Commerzbank's $47 million fine is foretaste of what Covid-19 may bring

17 June 2020 16:54

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A mammoth multimillion-pound fine dished out to Commerzbank by the UK financial services regulator is a taste of things to come, as policymakers will inevitably have to respond to soaring levels of fraud driven by Covid-19.

The major German bank was given the fine of 37.8 million pounds ($47.3 million) today, after several years of ignoring the Financial Conduct Authority's warnings to fix the weaknesses in its anti-money-laundering systems and controls.

But those failures, first detected almost a decade ago, were in place in quieter times for financial institution defenses; the pandemic has brought a sharp increase in criminals taking advantage of the uncertainty to ramp up fraud, money laundering and terrorist financing activity.

The Commerzbank penalty is a shot across the bows of UK lenders that haven’t cleaned up their act, as the fight against financial crime ramps up, partly in response to the coronavirus effect.

More sanctions are likely to come, particularly from the FCA. The City of London's regulator has shown in recent weeks and months that it has had enough of warning banks about their bad behavior to no avail — and it has turned to simply doling out monetary fines to settle issues.

— Prevention or cure —

The disruption brought by the coronavirus crisis is a "paradise for corruption," Drago Kos, the head of the OECD's anti-bribery group, has said.

Criminals are exploiting opportunities opened up by Covid-19 lockdown measures, bringing a heightened risk of money laundering, cyber-attacks and terrorist financing, the Financial Stability Institute, part of standard-setter the Bank for International Settlements, warned in May.

That means the financial sector — a top target for criminals — will need to extra-watchful against new money laundering risks and may need to bolster its systems and controls, the FSI said.

And as the private sector ups its monitoring powers, global financial regulators will over the next few months need to weigh up whether prevention is better than cure: that is, whether they call for enhanced anti-money-laundering frameworks in financial institutions, or they impose hefty fines that could hobble firms' ability to deliver key services.

For the FCA, at least, it appears that only so many calls for improvement can go unanswered until it issues multi-million pound fines to force necessary change.

— Unwavering efforts —

According to the FCA, Commerzbank London was aware of the shortfall in its anti-money-laundering processes that “created a significant risk” that financial crime might go undetected. But the lender failed to take reasonable and effective steps to repair the weaknesses, even though the FCA raised specific concerns in 2012, 2015 and 2017.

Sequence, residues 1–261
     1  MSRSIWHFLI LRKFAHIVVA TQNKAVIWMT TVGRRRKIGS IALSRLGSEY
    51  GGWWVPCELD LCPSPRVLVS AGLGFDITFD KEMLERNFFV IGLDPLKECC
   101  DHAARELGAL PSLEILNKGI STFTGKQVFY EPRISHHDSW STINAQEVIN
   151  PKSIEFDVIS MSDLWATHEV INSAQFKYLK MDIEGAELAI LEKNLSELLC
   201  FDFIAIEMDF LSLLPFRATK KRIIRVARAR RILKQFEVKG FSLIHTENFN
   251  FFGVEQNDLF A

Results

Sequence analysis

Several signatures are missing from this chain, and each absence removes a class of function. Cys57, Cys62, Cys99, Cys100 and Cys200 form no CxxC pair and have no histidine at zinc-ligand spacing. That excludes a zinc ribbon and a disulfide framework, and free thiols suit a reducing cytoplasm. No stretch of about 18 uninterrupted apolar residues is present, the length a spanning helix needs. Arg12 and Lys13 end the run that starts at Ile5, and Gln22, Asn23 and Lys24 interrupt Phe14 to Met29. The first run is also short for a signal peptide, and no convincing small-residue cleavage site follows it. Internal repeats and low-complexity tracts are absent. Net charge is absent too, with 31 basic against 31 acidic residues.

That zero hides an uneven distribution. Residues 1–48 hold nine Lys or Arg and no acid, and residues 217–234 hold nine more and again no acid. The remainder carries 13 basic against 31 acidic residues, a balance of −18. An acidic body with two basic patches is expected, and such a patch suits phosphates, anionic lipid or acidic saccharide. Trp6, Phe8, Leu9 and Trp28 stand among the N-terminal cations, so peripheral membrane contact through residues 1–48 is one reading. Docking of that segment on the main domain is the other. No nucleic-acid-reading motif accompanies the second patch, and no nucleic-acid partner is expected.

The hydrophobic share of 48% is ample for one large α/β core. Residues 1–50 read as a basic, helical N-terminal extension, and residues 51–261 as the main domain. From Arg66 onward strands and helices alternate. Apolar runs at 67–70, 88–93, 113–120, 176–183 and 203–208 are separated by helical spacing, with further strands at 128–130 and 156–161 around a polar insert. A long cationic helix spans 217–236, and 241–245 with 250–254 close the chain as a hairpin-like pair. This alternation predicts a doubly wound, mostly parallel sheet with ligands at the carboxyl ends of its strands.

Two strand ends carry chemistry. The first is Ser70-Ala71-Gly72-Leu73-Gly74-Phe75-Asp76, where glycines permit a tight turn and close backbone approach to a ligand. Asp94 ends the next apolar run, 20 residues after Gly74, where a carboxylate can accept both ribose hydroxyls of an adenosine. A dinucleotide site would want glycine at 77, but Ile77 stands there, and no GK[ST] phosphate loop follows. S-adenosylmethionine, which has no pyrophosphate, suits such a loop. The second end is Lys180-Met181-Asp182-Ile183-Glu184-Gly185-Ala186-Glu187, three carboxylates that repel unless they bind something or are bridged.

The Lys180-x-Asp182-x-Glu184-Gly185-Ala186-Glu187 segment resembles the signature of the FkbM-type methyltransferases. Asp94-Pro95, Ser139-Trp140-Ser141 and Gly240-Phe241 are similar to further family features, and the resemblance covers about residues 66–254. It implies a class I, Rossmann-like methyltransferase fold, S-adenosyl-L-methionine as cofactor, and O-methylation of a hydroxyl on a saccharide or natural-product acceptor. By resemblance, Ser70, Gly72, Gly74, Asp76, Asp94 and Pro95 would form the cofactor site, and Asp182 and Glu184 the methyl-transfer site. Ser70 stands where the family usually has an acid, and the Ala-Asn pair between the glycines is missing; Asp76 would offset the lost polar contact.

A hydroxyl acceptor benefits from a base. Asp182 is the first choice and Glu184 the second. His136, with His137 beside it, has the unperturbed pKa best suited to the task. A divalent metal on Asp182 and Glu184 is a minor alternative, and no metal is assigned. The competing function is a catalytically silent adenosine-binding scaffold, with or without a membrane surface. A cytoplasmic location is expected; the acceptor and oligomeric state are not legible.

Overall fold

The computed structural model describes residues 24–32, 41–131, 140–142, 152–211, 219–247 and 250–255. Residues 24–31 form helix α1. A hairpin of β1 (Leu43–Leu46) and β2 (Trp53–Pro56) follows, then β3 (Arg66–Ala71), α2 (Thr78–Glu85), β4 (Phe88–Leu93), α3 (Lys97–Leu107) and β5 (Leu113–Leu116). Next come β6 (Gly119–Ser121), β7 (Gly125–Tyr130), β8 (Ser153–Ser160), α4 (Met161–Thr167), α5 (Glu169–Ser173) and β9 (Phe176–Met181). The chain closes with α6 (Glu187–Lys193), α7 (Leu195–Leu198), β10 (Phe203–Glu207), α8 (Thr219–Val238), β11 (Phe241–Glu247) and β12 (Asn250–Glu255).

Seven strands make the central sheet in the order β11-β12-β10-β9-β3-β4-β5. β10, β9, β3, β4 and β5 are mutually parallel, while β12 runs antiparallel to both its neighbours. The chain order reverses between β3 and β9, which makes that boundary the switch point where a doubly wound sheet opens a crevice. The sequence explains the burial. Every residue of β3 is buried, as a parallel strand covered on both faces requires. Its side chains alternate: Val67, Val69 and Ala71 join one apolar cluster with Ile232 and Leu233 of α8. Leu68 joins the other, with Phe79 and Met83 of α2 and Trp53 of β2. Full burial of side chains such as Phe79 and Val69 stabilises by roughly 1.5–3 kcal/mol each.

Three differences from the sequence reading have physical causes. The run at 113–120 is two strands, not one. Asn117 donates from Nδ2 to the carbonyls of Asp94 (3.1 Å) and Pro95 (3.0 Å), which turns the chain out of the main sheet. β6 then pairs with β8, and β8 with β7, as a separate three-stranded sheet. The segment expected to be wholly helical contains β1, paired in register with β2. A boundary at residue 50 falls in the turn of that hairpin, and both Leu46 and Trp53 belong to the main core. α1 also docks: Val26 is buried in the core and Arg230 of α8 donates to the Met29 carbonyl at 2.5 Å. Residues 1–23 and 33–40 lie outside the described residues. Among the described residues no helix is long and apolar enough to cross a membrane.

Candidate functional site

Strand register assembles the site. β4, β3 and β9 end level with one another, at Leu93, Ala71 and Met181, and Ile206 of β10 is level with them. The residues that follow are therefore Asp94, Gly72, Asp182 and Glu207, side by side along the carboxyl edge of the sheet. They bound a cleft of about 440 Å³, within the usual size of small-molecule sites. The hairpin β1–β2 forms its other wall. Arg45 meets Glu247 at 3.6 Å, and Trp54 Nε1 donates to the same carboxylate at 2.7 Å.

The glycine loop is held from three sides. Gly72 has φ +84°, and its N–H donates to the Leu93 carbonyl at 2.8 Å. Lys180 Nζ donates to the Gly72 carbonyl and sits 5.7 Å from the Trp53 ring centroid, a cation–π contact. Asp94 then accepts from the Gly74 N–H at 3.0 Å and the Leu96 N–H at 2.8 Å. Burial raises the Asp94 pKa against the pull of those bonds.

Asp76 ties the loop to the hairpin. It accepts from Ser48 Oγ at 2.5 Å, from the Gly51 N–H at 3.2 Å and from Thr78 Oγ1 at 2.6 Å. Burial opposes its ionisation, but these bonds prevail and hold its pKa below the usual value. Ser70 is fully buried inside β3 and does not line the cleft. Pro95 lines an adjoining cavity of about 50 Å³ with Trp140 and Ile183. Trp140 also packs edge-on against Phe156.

The German lender's sanction is reminiscent of an even larger penalty — 64 million pounds — served to Lloyds Bank, Bank of Scotland and The Mortgage Business last week, over failures in their handling of mortgage customers in payment difficulties. There, too, the FCA had sent warnings for years before acting, but the lenders did not take adequate steps to fully rectify the issues.

The FCA fine illustrates British authorities' unwavering efforts to punish companies that fail to put in place adequate protections against financial crime. Last month, the UK’s National Crime Agency seized 6.4 million pounds from Commerzbank in London, after it suspected it was linked to international organized crime.

The NCA's efforts are not isolated: EU agency Europol itself this month set up a unit to combat white-collar crime, which is intended to support the bloc's response to coronavirus-related fraud. The new European Financial and Economic Crime Center will also promote the systematic use of financial investigations against organized crime.

On the other side of the equation, authorities across the world have pushed out a stream of guidance for the private sector, as they urge institutions to secure their defenses against the Covid-19 crime wave, or risk attracting the attention of watchdogs.

And in the UK, financial services providers will have to be particularly on top of their game for this, in the face of a regulator that isn't hesitant to impose monetary penalties.

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